By Maggie Lake
We all have the perfect holiday image in our minds: gifts galore, beautiful decorations and parties, great food, happy children tearing through one perfect gift after another. Maybe we remember our own perfect childhood holidays. We want to recreate them or versions of the stories we see in the relentless commercials and magazine ads.
Now let’s talk about reality. You are NOT living in a television family. You do not have unlimited funds to buy all of the furnishings for the perfect party or the perfect mountain of toys and clothing. Maybe there are family stresses: poor health, unemployment, children acting out or doing poorly in school. These things don’t go away for the holidays and, in fact, may become more pronounced around them.
Still, we want that picture perfect time. We become upset, angry, depressed or anxious trying to make it happen. We cope in the same ways we always have under these circumstances; we eat and drink too much, we sink into a funk, we get angry.
Here at Putney Family Healthcare we definitely see more real colds and tummy aches this time of year. Stress lays us open to disease. We see more anxiety. Some people are panicked because there is no way they can possibly be sick for all the holiday office parties, school concerts and family events they have to host or attend.
Nurse practitioners like me are very aware of the power of the mind and how it can affect our physiology. When a patient presents us with an illness, we spend a lot of time talking to her or him before ordering blood work or imaging to help determine the origin of the complaint. We examine both the physical and emotional components of each patient.
Some people do suffer from a condition called Seasonal Affective Disorder, appropriately shortened to S.A.D., where the lack of sunlight and Vitamin D (provided by sunlight) during winter days can trigger anxiousness or depression. S.A.D. can be decreased through the use of full-spectrum lighting in areas where you spend a lot of time such as your office desk, above the sink where you do the dishes, etc., or by spending time outdoors. S.A.D. only compounds the pressures of the holiday season.
I’ve been exchanging a lot of emails with friends and family about holiday depression this year and what to do about it. There are thousands of articles and blogs and studies about the causes, the symptoms, and tips for dealing with stress brought on by the intensity of the season. I had to laugh when one site suggested combating S.A.D. by flying off to the Caribbean. But most sites had good information about how to take care of yourself with sensible eating, exercise, sharing the work and changing expectations.
Instead of tips, I have a list of “must do’s.”
- Talk with your family before the big day, or days, and tell them if you’re stressed about finances. Perhaps each person is getting only one gift. Establish new traditions that replace gift giving with family time, like preparing a meal as a family and then playing a game. Doing it differently isn’t going to hurt anybody.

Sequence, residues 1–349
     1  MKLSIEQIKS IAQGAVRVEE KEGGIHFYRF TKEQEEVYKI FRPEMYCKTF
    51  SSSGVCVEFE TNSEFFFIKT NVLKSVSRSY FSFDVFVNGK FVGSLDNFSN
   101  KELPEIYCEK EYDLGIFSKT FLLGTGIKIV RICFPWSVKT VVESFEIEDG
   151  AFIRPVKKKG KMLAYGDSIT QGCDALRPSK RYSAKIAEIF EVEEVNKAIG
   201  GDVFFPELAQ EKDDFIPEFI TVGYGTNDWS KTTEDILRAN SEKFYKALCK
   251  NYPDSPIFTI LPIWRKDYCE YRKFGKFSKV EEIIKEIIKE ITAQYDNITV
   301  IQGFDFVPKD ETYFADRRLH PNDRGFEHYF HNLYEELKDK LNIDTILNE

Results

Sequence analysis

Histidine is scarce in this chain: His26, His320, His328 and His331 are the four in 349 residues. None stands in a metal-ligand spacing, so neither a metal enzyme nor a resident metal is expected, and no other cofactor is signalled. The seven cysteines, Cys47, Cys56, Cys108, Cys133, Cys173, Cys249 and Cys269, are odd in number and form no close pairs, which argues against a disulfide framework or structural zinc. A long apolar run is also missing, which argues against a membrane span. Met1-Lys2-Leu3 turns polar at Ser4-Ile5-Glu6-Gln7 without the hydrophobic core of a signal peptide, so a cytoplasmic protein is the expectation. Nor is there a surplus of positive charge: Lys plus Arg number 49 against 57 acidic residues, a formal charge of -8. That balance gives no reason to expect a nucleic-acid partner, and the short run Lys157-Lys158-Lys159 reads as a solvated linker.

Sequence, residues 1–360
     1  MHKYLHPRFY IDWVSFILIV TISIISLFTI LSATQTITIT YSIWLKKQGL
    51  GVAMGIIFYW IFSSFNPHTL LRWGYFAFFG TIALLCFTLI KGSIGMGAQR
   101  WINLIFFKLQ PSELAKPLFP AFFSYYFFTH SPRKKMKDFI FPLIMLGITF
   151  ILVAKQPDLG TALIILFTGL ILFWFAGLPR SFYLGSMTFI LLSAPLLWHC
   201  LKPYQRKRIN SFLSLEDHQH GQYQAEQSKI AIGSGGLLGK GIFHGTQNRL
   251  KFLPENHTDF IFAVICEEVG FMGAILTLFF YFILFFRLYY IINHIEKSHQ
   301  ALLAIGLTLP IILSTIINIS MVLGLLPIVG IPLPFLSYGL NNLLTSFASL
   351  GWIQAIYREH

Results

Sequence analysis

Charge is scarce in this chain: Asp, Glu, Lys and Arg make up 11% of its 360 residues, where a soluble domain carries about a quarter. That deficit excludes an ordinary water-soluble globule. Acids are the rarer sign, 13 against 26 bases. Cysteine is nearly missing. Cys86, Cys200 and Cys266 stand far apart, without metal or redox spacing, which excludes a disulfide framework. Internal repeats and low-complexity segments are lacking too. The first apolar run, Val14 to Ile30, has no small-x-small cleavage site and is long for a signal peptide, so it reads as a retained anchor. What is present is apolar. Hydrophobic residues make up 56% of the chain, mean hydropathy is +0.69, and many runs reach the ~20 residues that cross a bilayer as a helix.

- Someone wrote me that they love to do a family walk or hike. Get out there and embrace the outdoors, whether it’s snowy or this lovely warmth we’ve been experiencing. Getting a bunch of friends into a group to walk and talk is great for your mind and justifies eating some of those holiday foods. Exercise is critical, so do some alone-time walking as well.
- Call up friends and share stories and lend an ear.
- Volunteering is great for relieving anxiety and depression. There are so many places to do that here (including the hospital). Bring that pumpkin bread to someone you know. Have your kids pick out a toy to wrap up and give to someone else.
I think of the many families I work with. I know of their stresses. I know what pressures are on them at this time of the year. I want all of us to remember that less is more. A handmade picture or other item can mean so much more than a pile of plastic toys. A book can be from a used book store. To the recipient it is still “new” and colorful and can transport you and your kids to other places. Read together. Eat together. Go outside and chase each other around. Teach one another that the best things in life are free: health, love, kindness, respect, fun.
The holidays are so confusing. Society pushes us to believe that we need it all to be just so. We totally lose sight of its meaning. Be kind to yourself. Be kind to others. Come in and talk to your health practitioner about how you are feeling if it seems overwhelming to you. And know that we all struggle with these periods of depression and stress.
Maggie Lake, FNP is a nurse practitioner practicing with Putney Family Healthcare, a member of BMH Physician Group.